Creating business process models that can be shared effectively across the business - and between business and IT - demands more than a digest of BPMN shapes and symbols. It requires a step-by-step methodology for going from a blank page to a complete process diagram. It also requires consistent application of a modeling style, so that the modeler's meaning is clear from the diagram itself. Author Bruce Silver explains not only the meaning and proper usage of the entire BPMN 2.0 palette, but calls out the working subset that you really need to know. He also reveals the hidden assumptions of core concepts left unexplained in the spec, the key to BPMN's deeper meaning.
The book addresses BPMN at three levels, with primary focus on the first two. Level 1, or descriptive BPMN, uses a basic working set of shapes and symbols to meet the needs of business users doing process mapping. Level 2, or analytical BPMN, is aimed at business analysts and architects. It takes advantage of BPMN's expressiveness for detailing event and exception handling, key to analyzing and improving process performance and quality. Level 3, or executable BPMN, is brand new in BPMN 2.0. Here the XML underneath the diagram shapes becomes an executable design can be deployed to a process engine to automate the process. The method and style detailed in the book aligns these three levels, facilitating business-IT collaboration throughout the process lifecycle.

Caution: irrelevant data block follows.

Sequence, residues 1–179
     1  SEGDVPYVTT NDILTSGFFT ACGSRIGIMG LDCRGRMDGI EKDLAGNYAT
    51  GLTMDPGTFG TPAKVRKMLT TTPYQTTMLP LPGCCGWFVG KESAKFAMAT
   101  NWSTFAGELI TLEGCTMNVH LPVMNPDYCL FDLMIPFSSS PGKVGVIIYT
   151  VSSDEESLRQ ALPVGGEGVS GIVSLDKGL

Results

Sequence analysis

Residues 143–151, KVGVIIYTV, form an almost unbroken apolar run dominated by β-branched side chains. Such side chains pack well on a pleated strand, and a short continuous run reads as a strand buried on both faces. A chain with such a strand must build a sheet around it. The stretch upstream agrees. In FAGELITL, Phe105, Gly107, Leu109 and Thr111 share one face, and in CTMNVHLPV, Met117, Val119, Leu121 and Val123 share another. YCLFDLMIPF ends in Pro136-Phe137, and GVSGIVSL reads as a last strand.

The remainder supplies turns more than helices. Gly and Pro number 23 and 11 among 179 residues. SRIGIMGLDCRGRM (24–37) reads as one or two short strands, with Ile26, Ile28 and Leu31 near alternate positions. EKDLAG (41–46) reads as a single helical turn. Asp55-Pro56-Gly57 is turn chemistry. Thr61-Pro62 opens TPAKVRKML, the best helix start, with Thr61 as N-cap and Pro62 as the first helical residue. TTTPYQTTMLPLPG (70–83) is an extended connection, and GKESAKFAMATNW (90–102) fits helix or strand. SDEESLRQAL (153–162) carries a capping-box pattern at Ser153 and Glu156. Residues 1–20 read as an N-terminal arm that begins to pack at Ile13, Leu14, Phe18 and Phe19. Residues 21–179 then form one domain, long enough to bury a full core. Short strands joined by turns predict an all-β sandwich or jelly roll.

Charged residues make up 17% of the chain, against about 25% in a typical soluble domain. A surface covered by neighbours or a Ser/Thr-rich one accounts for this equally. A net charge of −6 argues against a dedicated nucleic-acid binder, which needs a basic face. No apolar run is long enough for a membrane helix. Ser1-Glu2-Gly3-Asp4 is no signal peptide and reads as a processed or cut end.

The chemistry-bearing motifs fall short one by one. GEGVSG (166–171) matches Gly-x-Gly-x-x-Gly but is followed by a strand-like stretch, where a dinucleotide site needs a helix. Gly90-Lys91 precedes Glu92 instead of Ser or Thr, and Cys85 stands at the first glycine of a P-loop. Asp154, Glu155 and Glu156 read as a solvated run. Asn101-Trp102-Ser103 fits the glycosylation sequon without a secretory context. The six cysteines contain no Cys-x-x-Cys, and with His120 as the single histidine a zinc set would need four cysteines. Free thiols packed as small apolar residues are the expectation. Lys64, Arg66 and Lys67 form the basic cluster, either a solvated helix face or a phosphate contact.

Inside the book you'll find discussions, illustrated with over 100 examples, about:
The questions BPMN asks, and does not ask The meaning of basic concepts like starting and completing, sending and receiving, waiting and listening Subprocesses and hierarchical modeling style The five basic steps in creating Level 1 models Event and exception-handling patterns Branching and merging patterns Level 2 modeling method Elements of BPMN style: element usage and diagram composition